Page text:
One of the district’s biggest employers is excited about its continued expansion in the recycling industry which has led to skilled jobs created in the design and engineering sector.
The impressive developments were seen by Sleaford and North Hykeham MP Caroline Johnson on Friday as she toured Mid UK Recycling’s 25-acre Barkston Heath site - in particular the new engineering and maintenance workshops and rapidly increasing plasterboard recycling processes.
Dr Johnson, who was led around by Managing Director Chris Mountain and Sales Manager Ruth Cullen, was impressed with the increased engineering jobs created, especially in light of the recent loss of such manufacturing roles with the closure of Great Plains’ farm machinery plant at Sleaford.
Having now been in business for 20 years, Mr Mountain said they have taken on some of those skilled workers to bolster their newly kitted-out workshops, enabling the company to design and fabricate all of its machinery on site, as well has having enough maintenance staff to keep up with repairs to equipment spread across sites at Barkston, Caythorpe, Sleaford, Colsterworth and Market Deeping.
They employ 430 people including 75 drivers across the company.
Nathan Dolby, who is in charge of the greatly expanded workshop, has a six-man team on the fabrication side, adding: “It has been a major, six-figure investment which will help streamline the building of new plant for the company.”
He said they are in the final stages of equipping the facility with a plasma cutting torch, steel folding and rolling presses, lathe and milling machines. The workshop has an overhead crame capable of shifting five tons.
Mr Dolby said: “Usually you have had to buy in parts from abroad but now we can make them ourselves.” An advantage there are so few companies requiring such machinery in the UK.
This is in addition to a new, dedicated parts storage area and offices upstairs that schedule all the jobs for the workshops, which are also heated by a waste-burning boiler.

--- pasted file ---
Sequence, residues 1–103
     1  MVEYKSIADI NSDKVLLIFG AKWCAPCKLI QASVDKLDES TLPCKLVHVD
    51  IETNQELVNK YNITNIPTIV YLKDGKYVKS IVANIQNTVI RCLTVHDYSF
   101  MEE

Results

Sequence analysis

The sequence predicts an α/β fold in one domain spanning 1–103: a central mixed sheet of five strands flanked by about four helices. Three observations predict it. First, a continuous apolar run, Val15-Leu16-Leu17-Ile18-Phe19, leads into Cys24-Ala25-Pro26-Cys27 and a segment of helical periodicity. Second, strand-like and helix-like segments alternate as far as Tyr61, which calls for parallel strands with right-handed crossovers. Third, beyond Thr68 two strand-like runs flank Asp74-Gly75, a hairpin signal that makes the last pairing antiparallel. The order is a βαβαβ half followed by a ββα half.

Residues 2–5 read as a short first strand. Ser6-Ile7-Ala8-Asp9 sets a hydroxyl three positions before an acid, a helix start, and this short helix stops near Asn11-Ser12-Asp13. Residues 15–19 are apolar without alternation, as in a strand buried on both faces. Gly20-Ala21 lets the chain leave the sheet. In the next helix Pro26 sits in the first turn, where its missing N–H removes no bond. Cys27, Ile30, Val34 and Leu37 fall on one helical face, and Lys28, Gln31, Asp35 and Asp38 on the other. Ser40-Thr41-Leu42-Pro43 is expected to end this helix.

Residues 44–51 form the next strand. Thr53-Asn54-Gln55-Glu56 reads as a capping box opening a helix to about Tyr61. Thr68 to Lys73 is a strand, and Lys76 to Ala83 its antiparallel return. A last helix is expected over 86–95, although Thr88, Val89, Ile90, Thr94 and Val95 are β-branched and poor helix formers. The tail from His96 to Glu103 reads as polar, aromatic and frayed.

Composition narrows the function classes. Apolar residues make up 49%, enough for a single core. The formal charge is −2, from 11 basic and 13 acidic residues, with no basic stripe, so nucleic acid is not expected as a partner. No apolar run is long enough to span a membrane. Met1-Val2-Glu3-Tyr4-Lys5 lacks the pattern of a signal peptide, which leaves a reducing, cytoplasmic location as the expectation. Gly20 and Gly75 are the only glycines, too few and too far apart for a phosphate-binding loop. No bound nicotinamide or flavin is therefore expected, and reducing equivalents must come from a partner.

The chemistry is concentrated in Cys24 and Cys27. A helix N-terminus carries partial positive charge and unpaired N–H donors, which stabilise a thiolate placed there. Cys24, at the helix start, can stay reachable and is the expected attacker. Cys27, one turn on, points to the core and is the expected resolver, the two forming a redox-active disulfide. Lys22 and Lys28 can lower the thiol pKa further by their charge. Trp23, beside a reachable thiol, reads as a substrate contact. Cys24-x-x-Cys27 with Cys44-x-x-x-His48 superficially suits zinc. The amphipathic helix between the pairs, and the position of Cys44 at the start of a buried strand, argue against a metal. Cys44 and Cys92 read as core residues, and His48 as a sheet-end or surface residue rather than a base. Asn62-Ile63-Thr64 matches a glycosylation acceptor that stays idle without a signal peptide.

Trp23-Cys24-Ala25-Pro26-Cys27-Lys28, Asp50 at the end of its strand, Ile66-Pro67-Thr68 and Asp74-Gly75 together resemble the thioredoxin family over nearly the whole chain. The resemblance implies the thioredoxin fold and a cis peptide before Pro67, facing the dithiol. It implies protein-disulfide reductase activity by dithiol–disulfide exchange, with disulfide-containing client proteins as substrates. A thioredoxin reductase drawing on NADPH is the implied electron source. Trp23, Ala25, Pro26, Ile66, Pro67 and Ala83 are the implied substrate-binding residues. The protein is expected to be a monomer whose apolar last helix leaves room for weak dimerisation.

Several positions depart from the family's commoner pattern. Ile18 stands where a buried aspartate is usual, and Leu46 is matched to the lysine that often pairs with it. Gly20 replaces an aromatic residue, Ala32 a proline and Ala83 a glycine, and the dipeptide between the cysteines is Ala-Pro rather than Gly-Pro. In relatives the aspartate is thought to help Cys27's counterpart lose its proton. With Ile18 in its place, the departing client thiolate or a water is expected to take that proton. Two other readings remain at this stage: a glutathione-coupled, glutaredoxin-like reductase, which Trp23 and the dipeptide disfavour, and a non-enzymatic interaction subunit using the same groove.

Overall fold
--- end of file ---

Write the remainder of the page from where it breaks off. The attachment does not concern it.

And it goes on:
Mr Dolby said: “We have our own design team and a lot of concepts get brought to the table. It is a fairly new industry so there is no set way of doing things.”
Mr Mountain said that recycling of plasterboard now makes up 15 per cent of the company’s business, taking in around 1,000 tons a week, mainly from the construction and demolition trade coming via council waste sites from the south and east of the country as gypsum cannot go to landfill. Coming in on a daily basis the material needs to be separated from its paper lining as well as any other bags and bottles of rubbish thrown in. A fine mist is sprayed as it enters the sheds to suppress the dust and staff remain in the cabs of their loaders equipped with with hepa filters explained sales manager Ruth Cullen. An electrically powered excavator - literally plugged into the mains - loads the material onto a conveyor to start the filtering process. Eventually the gypsum is prepared and sold on to be used in the production of new plasterboard by two of the UK’s largest manufacturers or used as an additive in the cement making process, as absorbant granules for grease and oil and as cat litter for major supermarkets.
Ruth said: “Tesco could be doing a refurbishment job on one of their stores and three weeks later that waste plasterboard could be on their shelves as cat litter. The process employs seven people and runs 24 hours a day.”
This is instead of expensively mining raw material and shipping it from Africa.
Ruth said manufacturers are now using their products instead of getting gypsum as a by-product from coal-fired power stations in their desulphurisation process. She said as these power plants are phased out the construction industry needs to find other sources. Mid Uk is the only approved company whose recycled gypsum products are pure enough to no longer be classed as waste.
Ruth said: “We are doing just over 50,000 tons a year and in the next 12 months that will rise to 75,000 tons a year due to demand.”
They also supply most of the surrounding cement kilns in the region as well as providing fuel from processed waste.
“We have a reputation in the industry for producing very high specificiation products and being innovative,” said Mr Mountain.
“People used to see us as just a waste processing business. But ihas evolved and we pride ourselves as being a producer of top quality products that can be used again.”